This is Cyprus Road Trip #4 and we’re headed to pretty Paphos.
Today represents our final exploring around the island of Cyprus with our backpacking family. We’re heading out west today to explore what the sprawling city of Paphos has to offer. As we depart and motor down the motorway, we pass the often seen Larnaka Salt Lake which looks spectacular this morning. Each time we drive past the salt lake it seems to be different depending on the time of day and the position of the sun. It’s looking too good to simply drive past so I ask driver Steve to pull up on the side and I quickly change lenses on my LUMIX G7 camera and jump out of the car, run across the road and take this spectacular shot of the listed ancient monument Hala Sultan Tekke mosque in Larnaka with the tall stick like wind turbines on the hills in the background.
This mosque is located on the west bank of Larnaka Salt Lake which is southern Cyprus, and at the moment it’s regarded as the third holiest place for Muslims in the world to come to pray. During the Ottoman Empire, Ottoman-flagged ships would hang their flags at half mast when off the shores of Larnaka, and salute Hala Sultan with cannon shots. But the Greek Cypriots are annoyed that they are not permitted to visit their holy places, located in Turkish occupied northern Cyprus, so they want to prevent Muslim worshippers from visiting this mosque. It’s a tit for tat fight that seems to have no end while Turkey continues to occupy the northern land.
The road and landscape today is familiar territory both inside and outside the car: the kids have their ear plugs firmly wedged within their ears and the scenery all around us unfolds to reveal dry and rocky mountains that don’t have pointy peaks but rather roll into one another like fat, playful children. The cut of stone to allow for the construction of the motorway reveals many different layers of rock and it’s an interesting sight.
We turn off the motorway preferring to take old Limassol Road or the old coastal road that hugs the magnificent coastline and provides impressive views out over the blue Mediterranean Sea. We stop again at a point of land where we can park the car and get out for a wander to peer over the rocky edge. There is a small temple built here that is situated off to the side of the car park, It contains many smooth sea rocks that have the names of loved one’s written in Texta on them.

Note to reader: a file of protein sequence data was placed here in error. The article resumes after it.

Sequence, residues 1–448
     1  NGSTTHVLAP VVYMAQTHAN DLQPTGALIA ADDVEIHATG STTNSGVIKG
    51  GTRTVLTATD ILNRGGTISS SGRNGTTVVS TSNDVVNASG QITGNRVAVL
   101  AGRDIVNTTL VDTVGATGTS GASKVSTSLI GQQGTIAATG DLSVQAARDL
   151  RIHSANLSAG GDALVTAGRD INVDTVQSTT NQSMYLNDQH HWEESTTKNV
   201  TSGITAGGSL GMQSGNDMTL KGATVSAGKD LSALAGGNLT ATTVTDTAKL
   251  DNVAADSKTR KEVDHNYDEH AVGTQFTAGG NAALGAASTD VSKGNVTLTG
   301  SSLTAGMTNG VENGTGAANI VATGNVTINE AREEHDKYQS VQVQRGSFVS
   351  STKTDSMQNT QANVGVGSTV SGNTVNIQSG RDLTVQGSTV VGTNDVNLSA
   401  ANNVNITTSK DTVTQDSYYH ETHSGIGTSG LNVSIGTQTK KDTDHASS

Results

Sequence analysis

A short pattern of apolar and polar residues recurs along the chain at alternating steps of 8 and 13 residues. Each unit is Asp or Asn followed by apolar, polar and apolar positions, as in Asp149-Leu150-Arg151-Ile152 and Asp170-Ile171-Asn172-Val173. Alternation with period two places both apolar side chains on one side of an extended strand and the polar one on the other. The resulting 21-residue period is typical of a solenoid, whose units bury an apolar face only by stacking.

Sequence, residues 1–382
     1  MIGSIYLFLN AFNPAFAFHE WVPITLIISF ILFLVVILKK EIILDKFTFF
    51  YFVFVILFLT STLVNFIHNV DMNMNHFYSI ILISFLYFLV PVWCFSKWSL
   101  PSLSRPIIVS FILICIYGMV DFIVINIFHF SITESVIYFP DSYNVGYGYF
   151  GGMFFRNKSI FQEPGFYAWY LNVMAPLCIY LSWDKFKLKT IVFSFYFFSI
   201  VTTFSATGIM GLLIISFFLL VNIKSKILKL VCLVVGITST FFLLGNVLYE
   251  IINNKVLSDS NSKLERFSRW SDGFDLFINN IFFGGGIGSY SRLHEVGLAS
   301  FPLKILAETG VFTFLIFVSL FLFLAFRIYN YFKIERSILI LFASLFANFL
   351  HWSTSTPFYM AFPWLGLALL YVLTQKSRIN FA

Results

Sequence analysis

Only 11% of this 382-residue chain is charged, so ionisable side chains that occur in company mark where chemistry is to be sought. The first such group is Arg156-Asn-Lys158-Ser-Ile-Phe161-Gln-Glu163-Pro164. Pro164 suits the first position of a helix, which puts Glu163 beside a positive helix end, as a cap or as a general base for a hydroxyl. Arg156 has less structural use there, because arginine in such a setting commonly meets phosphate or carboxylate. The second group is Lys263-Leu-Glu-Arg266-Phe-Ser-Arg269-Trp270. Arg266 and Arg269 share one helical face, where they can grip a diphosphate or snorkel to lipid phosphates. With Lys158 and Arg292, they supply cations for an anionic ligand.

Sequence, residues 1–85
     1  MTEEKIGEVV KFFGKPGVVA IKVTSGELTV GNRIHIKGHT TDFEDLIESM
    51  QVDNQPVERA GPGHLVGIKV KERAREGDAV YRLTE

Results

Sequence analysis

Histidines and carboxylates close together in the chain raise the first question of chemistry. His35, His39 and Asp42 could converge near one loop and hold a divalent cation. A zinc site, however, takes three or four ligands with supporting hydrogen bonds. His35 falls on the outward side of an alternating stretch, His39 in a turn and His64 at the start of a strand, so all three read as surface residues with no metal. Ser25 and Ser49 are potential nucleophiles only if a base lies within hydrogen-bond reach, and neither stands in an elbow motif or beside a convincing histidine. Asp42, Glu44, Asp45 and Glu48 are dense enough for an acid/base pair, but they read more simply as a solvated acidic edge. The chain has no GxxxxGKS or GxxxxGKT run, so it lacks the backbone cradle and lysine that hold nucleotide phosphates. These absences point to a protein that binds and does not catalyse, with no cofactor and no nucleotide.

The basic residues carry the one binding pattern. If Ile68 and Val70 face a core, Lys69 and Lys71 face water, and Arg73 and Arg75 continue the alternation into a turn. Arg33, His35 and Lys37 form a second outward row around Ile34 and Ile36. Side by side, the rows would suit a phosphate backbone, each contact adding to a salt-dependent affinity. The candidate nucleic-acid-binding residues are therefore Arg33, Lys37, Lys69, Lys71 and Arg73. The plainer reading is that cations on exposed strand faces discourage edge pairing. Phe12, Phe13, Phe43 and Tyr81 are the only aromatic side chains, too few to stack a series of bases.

Looking westward the coastline is rugged and snakes all the way as far as the eye can see. It’s a glorious sight of blue sky above and blue sea below with white rocks scattered off the coast. Little do we know that we are looking down upon the most famous birthplace in Greek mythology – Aphrodite’s Rock.
Petra Tou Romiou – the Rock of Aphrodite
We pull the car over arriving into a small car parking area with a cafe. We’re hopeful for a vacant space on a pleasant Sunday afternoon in this rough and rocky unpaved and uneven parking lot. There are cars parked out along the highway, but we do find one. There’s a café selling all sorts of beach going equipment, cold drinks and ice-creams. The girls don’t want to get out of the car to see the rock. They don’t see the value in seeing a rock jutting out from the water. Fair enough. Although we try to coax them to come along, for just 10 minutes it doesn’t work. I’ve learnt to let go, that it’s their choice to not participate or get out of the car to stretch the legs, so we leave them sitting there with the car doors ajar to let the warm outside air fill the cavity while Steve, Charlie and I wander off down a walkway underpass. The underpass walkway is extremely narrow; like a bunker. If someone walked in through the beach side, I doubt we’d manage to get past one another in here. So we walk quickly!